Season High, the newest record from Swedish electronic group Little Dragon, finds the group creating rhythmic, heavily arpeggiated, funky backdrops for lead singer Yukimi Nagano's slinky, highly evocative voice, to great effect. Season High is now available to purchase and it's not too late to get tickets to see Little Dragon performing in Scottsdale, AZ at Livewire on April 23rd, 2017!
The opener gets the listener moving immediately with its classically Little Dragon synth line interplaying with the bass. The verses are another great example of the group's good use of space, with a call-and-response between Yukimi and an ooh ooh-ing vocoder. The staccato delivery on the chorus of “Let Love Drip” contrasts well the smooth verses, so much so that when it hits, the groove becomes undeniable.
The second song, “High”, brings things down a touch, presumably to allow the user to “roll another one”, as implied in the lyrics. Yukimi's vocals on this track are wonderfully androgynous, and her funky delivery is simultaneously breathy and full-bodied.
Third track, “The Pop Life”, lives up to its name nicely with a very catchy chorus that is driven by a very dance-y rhythm. The transition to the first chorus gets the listener back on the dance floor. The synths on this track, and on this whole album in general, tend to favor mixing sweeps with more percussive elements, creating spaces that are filled with a variety of colorful, bouncing sounds.
“Sweet” is an instant earworm. The bass line works its way into and around your brain. The synth line is pretty wild-- it sounds like a video game dripping. The harmonies all singing “Sweet!” is serious ear candy, and so is the whole song.
The track “Butterflies” is a slow burner that gradually builds to its peak of arpeggiated synths swooping in and out of each other. The arpeggios that pepper this track add more rhythm than anything else, occasionally creating neat polyrhythms. The way the synths rise from the background makes the song feel a bit like a movie soundtrack for a science-fiction character drama, and Yukimi's melody grounds the song with the right amount of emotion.
“Should I” brings the groove back for a relatively brief 3-minutes. The drums on this album are groovy and occasionally blown-out sounding, which makes the whole album feel large and stadium-ready.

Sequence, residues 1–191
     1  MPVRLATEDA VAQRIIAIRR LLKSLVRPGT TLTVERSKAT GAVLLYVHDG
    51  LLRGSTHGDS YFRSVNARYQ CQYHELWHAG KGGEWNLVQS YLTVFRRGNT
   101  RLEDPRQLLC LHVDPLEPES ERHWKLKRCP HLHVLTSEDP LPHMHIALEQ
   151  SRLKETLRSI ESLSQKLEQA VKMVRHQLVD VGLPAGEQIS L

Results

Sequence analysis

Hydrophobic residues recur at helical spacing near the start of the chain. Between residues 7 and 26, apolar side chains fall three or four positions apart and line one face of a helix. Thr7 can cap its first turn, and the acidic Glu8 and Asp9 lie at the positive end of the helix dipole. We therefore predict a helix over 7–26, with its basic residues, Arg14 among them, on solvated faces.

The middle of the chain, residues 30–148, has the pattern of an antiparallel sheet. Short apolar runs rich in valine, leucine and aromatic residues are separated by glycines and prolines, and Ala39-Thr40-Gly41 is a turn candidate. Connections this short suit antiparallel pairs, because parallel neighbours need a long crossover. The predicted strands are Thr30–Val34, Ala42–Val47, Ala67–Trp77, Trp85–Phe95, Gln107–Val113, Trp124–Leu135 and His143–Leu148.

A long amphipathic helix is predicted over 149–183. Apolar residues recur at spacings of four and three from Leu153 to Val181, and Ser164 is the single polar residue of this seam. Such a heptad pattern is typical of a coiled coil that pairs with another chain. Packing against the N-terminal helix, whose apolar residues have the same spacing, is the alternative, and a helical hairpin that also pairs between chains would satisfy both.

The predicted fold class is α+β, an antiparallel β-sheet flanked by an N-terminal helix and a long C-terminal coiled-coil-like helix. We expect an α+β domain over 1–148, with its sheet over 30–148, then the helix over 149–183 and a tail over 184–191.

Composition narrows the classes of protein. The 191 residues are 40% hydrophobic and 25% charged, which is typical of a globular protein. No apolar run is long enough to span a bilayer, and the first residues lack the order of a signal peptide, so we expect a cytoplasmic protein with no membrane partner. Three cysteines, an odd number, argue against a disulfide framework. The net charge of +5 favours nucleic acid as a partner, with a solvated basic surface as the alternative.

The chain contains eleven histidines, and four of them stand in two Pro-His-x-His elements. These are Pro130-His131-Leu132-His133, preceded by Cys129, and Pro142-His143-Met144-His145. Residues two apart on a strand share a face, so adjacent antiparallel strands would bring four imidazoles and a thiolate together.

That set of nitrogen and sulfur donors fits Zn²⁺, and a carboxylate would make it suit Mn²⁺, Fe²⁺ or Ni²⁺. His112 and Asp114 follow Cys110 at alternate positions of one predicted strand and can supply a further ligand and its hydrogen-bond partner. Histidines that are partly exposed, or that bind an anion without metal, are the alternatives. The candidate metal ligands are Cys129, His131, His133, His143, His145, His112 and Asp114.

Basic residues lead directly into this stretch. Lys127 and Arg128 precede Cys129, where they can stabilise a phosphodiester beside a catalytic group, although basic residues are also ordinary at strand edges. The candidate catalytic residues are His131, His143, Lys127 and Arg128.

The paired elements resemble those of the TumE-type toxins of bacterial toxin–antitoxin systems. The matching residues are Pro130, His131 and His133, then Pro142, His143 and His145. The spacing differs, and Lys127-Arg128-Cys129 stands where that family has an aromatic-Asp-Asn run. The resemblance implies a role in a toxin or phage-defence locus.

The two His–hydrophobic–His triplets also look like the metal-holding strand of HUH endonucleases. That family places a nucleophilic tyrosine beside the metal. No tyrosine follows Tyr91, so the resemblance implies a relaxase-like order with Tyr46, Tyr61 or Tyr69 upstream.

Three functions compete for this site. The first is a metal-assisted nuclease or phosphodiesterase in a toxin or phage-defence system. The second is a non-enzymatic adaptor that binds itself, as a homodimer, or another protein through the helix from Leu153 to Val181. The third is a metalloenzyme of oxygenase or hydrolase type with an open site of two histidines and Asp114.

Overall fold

“Don't Cry” is another slower track, with some interesting delivery from Yukimi during the verses, however the song as a whole doesn't quite stack up to the quality of the rest of the tracks, feeling just a little underwhelming. However, there are some interesting pan flute sounds on this thing that do manage to make it an engaging listen.
This album follows a dance track, slow track, dance track pattern for the most part, so “Strobe Light” is an upbeat number (and one of the cooler songs on the album). The feel of this song is a little darker than the rest of the album, and perhaps a little sinister. However, its overall sound fits in with the rest of the album's quite nicely.
“Push” is a killer track. This song's bass line is so good, and frankly, Little Dragon has a great rhythm section, with the bass and the drums always pretty much killing it. This song has a more instantly catchy and memorable melody than some of the other more intricate tracks on the record, making it a perfect candidate for a single.
The album closes with “Gravity”, and wow, what a closer. This track showcases the best of Little Dragon, while also simultaneously presenting a different side of them that seems much more experimental. The rhythm on this one is almost tribal, and the album ends with the drums playing before a swell of sound builds up to close things off. Yukimi's vocals on this track are outstanding, as she sings to a potential lover about how great they could be, while also suggesting that “gravity will stop [them] from taking off”. It's a rather cool take on bittersweet, a kind of “wouldn't it be nice?” type of emotion. This song also builds up to a really moving peak where Yukimi harmonizes with herself and just straight up emotes.
As a whole, the album flows quite nicely and moves at a rather good pace. There are a couple of tracks towards the end that seem a bit like retreads of stuff that happened earlier on in the album, but like in the case of "Strobe Light" and its darker feel, are different enough to warrant their inclusion. Overall it's another really good album from a really good band, and Little Dragon's distinctive style is honed in on and polished on this album, as it's one of their best sounding albums yet.